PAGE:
Statistics show the United States is becoming an older and more diverse nation as the number of white deaths in 2013 outweighed the number of white births for the second consecutive year.
According to U.S. Census Bureau data
released June 26, Americans age 65 and older now number 44.7 million, a 3.6 increase between 2012 and 2013.
In 2013, whites composed 62.6 percent of the general population, but were only 52.4 percent of the population under age 18 in 2013. That figure represents an all-time high, Census Bureau Director John Thompson said.
The data show the two demographic shifts occurring.
"The population in the Great Plains energy boom states is becoming younger and more male as workers move in seeking employment in the oil and gas industry, while the U.S. as a whole continues to age as the youngest of the baby boom generation enters their 50s," Thompson said.
The median age of the U.S. population moved from 37.5 years to 37.6 years.
Although the minority population continues to grow, D'vera Cohn of the Pew Research Center
notes that a poor economy following the recession has slowed the nation’s transition to a majority-minority youth population.
"But after the onset of the Great Recession in 2007, U.S. births dropped sharply, in a break with the past. The number of births declined from 2007 to 2012 before ticking up slightly in 2013, according to preliminary data from the National Center for Health Statistics. The nation’s birth rate, which has been declining since 2007, hit a record low in 2013. Birth rate declines were especially steep for immigrant and Hispanic women," she writes.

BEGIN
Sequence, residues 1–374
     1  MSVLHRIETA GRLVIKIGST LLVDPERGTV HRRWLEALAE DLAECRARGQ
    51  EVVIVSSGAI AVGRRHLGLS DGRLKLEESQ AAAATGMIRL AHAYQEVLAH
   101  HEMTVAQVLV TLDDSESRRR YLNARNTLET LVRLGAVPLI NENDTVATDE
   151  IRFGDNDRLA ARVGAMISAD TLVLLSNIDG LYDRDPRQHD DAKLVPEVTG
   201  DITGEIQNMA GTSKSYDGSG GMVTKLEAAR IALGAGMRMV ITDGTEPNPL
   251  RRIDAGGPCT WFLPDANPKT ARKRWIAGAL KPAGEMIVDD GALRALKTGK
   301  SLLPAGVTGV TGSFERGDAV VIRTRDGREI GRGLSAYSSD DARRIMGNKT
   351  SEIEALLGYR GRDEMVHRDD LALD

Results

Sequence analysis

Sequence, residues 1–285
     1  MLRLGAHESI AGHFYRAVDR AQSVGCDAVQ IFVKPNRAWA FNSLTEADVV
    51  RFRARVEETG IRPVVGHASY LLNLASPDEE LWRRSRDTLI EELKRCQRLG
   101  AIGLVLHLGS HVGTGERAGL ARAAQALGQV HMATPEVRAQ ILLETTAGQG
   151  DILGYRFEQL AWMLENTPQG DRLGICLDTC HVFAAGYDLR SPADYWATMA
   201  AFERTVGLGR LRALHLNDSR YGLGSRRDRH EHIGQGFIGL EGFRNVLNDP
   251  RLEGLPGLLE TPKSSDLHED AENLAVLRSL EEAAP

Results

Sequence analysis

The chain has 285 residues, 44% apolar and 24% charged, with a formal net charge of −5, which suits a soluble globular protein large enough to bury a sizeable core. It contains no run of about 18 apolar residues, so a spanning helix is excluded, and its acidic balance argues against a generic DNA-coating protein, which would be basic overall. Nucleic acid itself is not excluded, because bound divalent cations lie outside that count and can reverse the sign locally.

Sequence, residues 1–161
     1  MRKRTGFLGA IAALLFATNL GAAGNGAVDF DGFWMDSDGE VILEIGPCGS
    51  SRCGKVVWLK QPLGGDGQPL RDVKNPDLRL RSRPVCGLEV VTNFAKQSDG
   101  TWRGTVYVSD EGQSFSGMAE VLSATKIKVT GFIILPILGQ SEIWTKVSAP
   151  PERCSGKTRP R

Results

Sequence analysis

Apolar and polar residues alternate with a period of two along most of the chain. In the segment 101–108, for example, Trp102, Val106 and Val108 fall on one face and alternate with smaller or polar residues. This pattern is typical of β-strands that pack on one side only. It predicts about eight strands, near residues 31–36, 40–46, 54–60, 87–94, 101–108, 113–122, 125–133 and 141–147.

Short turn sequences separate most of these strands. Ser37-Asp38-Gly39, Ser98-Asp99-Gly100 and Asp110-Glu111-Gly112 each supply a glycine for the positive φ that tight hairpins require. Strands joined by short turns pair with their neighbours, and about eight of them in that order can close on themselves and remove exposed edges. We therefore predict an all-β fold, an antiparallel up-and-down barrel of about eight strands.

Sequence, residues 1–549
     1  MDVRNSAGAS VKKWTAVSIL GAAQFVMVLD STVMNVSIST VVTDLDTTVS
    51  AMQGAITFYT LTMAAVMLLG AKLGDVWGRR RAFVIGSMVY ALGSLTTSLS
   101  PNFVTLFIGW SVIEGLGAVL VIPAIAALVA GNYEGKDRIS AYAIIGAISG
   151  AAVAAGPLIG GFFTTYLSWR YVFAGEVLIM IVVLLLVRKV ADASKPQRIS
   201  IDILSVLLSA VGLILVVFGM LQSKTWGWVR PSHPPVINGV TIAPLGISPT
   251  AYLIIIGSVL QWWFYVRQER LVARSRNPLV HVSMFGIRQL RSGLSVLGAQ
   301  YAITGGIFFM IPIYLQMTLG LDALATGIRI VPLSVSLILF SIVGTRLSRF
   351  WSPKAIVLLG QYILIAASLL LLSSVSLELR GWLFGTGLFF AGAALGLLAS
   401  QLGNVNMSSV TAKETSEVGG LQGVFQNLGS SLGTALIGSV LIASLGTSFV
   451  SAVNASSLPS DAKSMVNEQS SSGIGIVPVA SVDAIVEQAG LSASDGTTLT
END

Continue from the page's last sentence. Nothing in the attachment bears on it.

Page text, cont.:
Contrary to popular belief, the group to experience the fastest increase between 2012 and 2013 was not Hispanics, but Asians. According to the Census Bureau, due to an increase in international migration, the number of Asians increased 2.9 percent to 19.4 million.
Hispanics, however, remain the second-largest group overall, growing by 2.1 percent (or more than 1.1 million) to slightly more than 54 million, and their growth was driven by "natural increase" (births minus deaths).
A June 19 Pew report
examining government statistics found the recession had an impact on the demographics of the Latino working population.
According to Pew, among the 22 million employed Latinos in the United States in 2013, fewer than half were immigrants. This represents a decline from the pre-recession peak of 56.1 percent in 2007.
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